Advanced Prostate Cancer

Prostate Cancer

One in seven men have the chances of developing prostate cancer at some point during their lives. Cancer starts when cells in the body begin to grow out of control. Cells in nearly any part of the body can become cancer cells and can spread to other areas of the body. Obviously, prostate cancer means that cancer cells form in the tissues of the prostate. Prostate cancer tends to grow slowly compared with most other cells. Cell changes may begin 10, 20 or sometimes even up to 30 years before a tumor gets big enough to cause signs. Eventually, cancer cells may spread (metastatize). By the time the signs appear, cancer may already be advanced. By the age of 50, very few men have signs of prostate cancer, yet some precancerous or cancerous cells may be present.

Only men have a prostate gland. It’s about the shape and size of a walnut. It sits underneath your bladder and surrounds your urethra. It produces a fluid that makes part of the semen. Depending on the size and location a tumor may press on or constrict the urethra, inhibiting the flow of urine. The urethra goes through the prostate. The prostate gland is also involved in urine control (continence) with the use of prostate muscle fibers.  Prostate cancer often produces no signs in its early stages. Many men diagnosed have shown no signs at all. However, as the cancer progresses, it may begin to show the symptoms.

Considerations in advanced prostate cancer: While it is true that prostate cancer is largely curable when diagnosed and treated early, patients with advanced prostate cancer have a less favorable prognosis. Advanced prostate cancer is defined as cancer that has spread beyond the original tumor. The most recent statistics estimate that 3 out of 10 men are alive after diagnosis of advanced prostate cancer. Male hormones such as testosterone cause prostate cancer to grow and survive. Early treatments for prostate cancer attempt to lower levels of testosterone in the body. This is known as the hormone therapy. However, prostate cancer tumor cells may eventually begin to grow again even though the levels of testosterone in the body are low. At this point, the cancer is considered to be advanced.

Researchers are studying why this occurs to gain a better understanding of how to develop treatments for prostate cancer. Recent basic science and medical evidence suggest that one possible reason is that they become extremely sensitive to the low levels of testosterone that surround them. In this way, tumors can grow even though there are extremely low levels of testosterone in the blood stream. Additionally, studies done in both animals and humans show that the tumor may begin to produce its own supply of testosterone. This means that the tumor is capable of fuming its own growth. In other words, in advance prostate cancer, there is evidence to suggest that the tumor may be providing its own testosterone so that they can grow without depending on other sources of testosterone production.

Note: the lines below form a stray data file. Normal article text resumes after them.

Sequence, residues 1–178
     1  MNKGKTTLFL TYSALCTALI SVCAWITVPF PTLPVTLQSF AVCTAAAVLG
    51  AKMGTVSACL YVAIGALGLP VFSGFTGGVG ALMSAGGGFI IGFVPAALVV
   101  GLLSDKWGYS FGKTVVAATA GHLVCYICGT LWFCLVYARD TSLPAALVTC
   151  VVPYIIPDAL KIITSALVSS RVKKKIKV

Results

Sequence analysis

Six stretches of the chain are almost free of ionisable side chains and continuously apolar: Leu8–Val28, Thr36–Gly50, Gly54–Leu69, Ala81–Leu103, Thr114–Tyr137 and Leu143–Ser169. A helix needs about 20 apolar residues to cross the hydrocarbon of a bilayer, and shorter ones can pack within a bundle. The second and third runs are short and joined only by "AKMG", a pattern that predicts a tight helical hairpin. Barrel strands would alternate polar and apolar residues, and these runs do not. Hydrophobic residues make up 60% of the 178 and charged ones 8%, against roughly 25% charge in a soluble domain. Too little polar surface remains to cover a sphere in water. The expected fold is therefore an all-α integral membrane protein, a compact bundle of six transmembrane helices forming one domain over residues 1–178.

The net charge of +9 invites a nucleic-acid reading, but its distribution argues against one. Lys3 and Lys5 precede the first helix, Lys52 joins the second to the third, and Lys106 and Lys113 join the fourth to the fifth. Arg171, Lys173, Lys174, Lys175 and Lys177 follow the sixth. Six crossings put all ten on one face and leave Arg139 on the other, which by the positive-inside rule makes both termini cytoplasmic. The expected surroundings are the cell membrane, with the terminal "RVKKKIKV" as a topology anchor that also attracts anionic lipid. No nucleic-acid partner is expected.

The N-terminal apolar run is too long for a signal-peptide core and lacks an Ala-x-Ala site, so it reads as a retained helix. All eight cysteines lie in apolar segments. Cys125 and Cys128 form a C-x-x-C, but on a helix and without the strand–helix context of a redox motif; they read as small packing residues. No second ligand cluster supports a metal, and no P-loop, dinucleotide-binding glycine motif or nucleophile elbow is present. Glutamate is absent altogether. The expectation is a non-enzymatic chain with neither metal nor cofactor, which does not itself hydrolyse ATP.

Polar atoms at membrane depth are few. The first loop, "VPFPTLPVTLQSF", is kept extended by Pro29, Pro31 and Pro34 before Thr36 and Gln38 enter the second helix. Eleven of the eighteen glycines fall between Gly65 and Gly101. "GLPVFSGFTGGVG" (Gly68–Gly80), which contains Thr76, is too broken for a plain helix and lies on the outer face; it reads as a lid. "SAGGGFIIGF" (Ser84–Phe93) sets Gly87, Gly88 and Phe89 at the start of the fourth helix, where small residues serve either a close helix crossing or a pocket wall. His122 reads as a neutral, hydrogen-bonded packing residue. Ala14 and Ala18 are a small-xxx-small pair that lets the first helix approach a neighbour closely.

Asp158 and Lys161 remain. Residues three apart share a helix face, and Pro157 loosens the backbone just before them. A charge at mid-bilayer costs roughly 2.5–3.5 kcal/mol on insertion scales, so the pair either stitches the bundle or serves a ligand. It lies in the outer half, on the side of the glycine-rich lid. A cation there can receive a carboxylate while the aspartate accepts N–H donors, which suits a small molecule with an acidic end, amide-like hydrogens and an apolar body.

How to identify the signs of prostate cancer?

  • Urinary problems: urinary problem is the most common sign of prostate cancer. When the prostate presses against the urethra, one can have trouble passing urine. Needing to urinate urgently and needing to urinate more often could be a sign that the cancer has spread to the areas around the prostate, urethra and the bladder. Leakage of urine and the urgency to urinate specially at night could mean that the bladder muscles have become weak due to the spread of the disease.  Acute urine retention is also another phenomenon that could be a manifestation of cancer. A blockage in the urine flow because of an overgrown cancerous tumor makes it difficult to start urinating. Although this could also be indicative of non-cancerous diseases of the prostate like: Benign Prostatic Hyperplasia (BPH) also known as an enlarged prostate as well as Prostatitis (inflammed prostate gland usually due to an infection).
  • Pain and discomfort when sitting: this is the second most common sign of a prostate cancer. Pain in the area between the penis and the rectum while sitting is also often associated with inflammation of the prostate but it could be due to the cancerous tumor in the prostate. It may feel like one is sitting on a golf ball or other hard object.  Men can also experience pain in the hips, lower back, pelvis, or upper thighs. If the cancer presses on a nerve, one might feel shooting, stabbing, burning, tingling or numbness.
  • Problems in the kidney: prostate cancer may block the tube that carries urine from the kidneys to the bladder. This can increase the concentration of waste products in the blood leading ultimately to kidney failure.
  • Sexual dysfunction: the prostate gland plays a key role in the male reproductive system; therefore prostate cancer can cause sexual dysfunction. Men may have problems getting or maintaining an erection, or experience painful ejaculation.

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